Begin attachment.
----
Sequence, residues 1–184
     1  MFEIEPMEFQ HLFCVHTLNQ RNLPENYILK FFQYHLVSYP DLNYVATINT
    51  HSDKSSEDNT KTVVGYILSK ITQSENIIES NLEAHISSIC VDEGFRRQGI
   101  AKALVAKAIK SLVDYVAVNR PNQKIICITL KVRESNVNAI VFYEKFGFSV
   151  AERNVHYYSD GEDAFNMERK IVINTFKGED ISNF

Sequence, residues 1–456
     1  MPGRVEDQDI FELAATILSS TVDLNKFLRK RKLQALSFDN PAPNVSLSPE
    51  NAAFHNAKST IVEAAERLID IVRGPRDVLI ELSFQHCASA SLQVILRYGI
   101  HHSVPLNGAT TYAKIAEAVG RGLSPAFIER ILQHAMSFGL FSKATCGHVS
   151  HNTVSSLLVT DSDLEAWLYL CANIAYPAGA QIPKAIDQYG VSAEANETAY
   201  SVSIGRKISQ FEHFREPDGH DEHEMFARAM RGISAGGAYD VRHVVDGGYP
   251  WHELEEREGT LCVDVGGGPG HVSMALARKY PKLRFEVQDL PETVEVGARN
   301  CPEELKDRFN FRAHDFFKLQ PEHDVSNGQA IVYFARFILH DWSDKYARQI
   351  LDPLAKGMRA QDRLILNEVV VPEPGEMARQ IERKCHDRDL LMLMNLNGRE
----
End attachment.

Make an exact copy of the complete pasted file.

Sequence, residues 1–184
     1  MFEIEPMEFQ HLFCVHTLNQ RNLPENYILK FFQYHLVSYP DLNYVATINT
    51  HSDKSSEDNT KTVVGYILSK ITQSENIIES NLEAHISSIC VDEGFRRQGI
   101  AKALVAKAIK SLVDYVAVNR PNQKIICITL KVRESNVNAI VFYEKFGFSV
   151  AERNVHYYSD GEDAFNMERK IVINTFKGED ISNF

Sequence, residues 1–456
     1  MPGRVEDQDI FELAATILSS TVDLNKFLRK RKLQALSFDN PAPNVSLSPE
    51  NAAFHNAKST IVEAAERLID IVRGPRDVLI ELSFQHCASA SLQVILRYGI
   101  HHSVPLNGAT TYAKIAEAVG RGLSPAFIER ILQHAMSFGL FSKATCGHVS
   151  HNTVSSLLVT DSDLEAWLYL CANIAYPAGA QIPKAIDQYG VSAEANETAY
   201  SVSIGRKISQ FEHFREPDGH DEHEMFARAM RGISAGGAYD VRHVVDGGYP
   251  WHELEEREGT LCVDVGGGPG HVSMALARKY PKLRFEVQDL PETVEVGARN
   301  CPEELKDRFN FRAHDFFKLQ PEHDVSNGQA IVYFARFILH DWSDKYARQI
   351  LDPLAKGMRA QDRLILNEVV VPEPGEMARQ IERKCHDRDL LMLMNLNGRE